In my last post, I listed some of my go-to websites for accessible recipes. And several of you rewarded me tenfold by introducing me to your e-recipe favorites.
Sometimes, though, it's just as fun, if not more, to browse as to cook.
So where do you go when you want to go window-eating?
|"Surely, you don't mean I have to choose just one?"|
When I'm just trolling for inspiring, fun, and whimsical things to make (or just dream of making), I visit some of these sites:
- Aapplemint (Beautiful food photography. Recipes look delicious too, though I haven't made anything from the site yet.)
- Chez Pim (Listed as one of Anthony Bourdain's favorite blogs. What's good for Tony is good enough for me.)
- Chocolate & Zucchini (How could one not be in love with a gorgeous blog written by a Parisian woman named Clotilde?)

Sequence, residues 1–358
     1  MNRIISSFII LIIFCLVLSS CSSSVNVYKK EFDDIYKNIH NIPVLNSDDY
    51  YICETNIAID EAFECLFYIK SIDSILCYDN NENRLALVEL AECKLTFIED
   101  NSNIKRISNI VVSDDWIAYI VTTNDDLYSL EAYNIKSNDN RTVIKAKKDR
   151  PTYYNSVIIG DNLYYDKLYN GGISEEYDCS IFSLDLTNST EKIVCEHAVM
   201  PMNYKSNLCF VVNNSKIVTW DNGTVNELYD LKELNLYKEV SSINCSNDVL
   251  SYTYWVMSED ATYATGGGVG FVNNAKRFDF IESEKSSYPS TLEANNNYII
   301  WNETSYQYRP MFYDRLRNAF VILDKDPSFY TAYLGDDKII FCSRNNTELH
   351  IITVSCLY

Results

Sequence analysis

- David Lebovitz (Former pastry chef at Chez Panisse becomes Parisian expat and starts blog.)
- Food52 (The Bride Concierge, aka Tracy at BusyButtons, introduced me to this brilliant "online community cookbook." Tons of delicious recipes and even more delicious photography.)
- Avec Eric (Chef Eric Ripert's blog. It should be super intimidating, but the recipes actually look very accessible.)
- Joy the Baker*
- La Tartine Gourmande (Bea's food photography is drool-inducingly stunning.)
- Momofukufor2 (Lover of all things Momofuku who is blogging her way through the insanely complicated Momofuku cookbook. Very "Julie and Julia." But if you can get past the comparison, it's such a fun read.)
- Orangette (Dreamy and ethereal food photography, elegant writing.)
- Ruhlman.com (Another Bourdain favorite. Beautiful food photography and instruction; this guy literally wrote the book on great food, having co-written the French Laundry Cookbook, among many others. Love his mini-tutorials on fancypants ingredients like vanilla sugar.)
- Sunday Suppers (Blog for "a class-cooking-dining experience" run out of Brooklyn. The food photography and styling are spectacular.)
- Tartelette (If my husband didn't object, I would decorate our kitchen with the photos in Tartelette. And then I'd eat them. Even though they'd taste like paper (or bytes), they'd still be tasty.)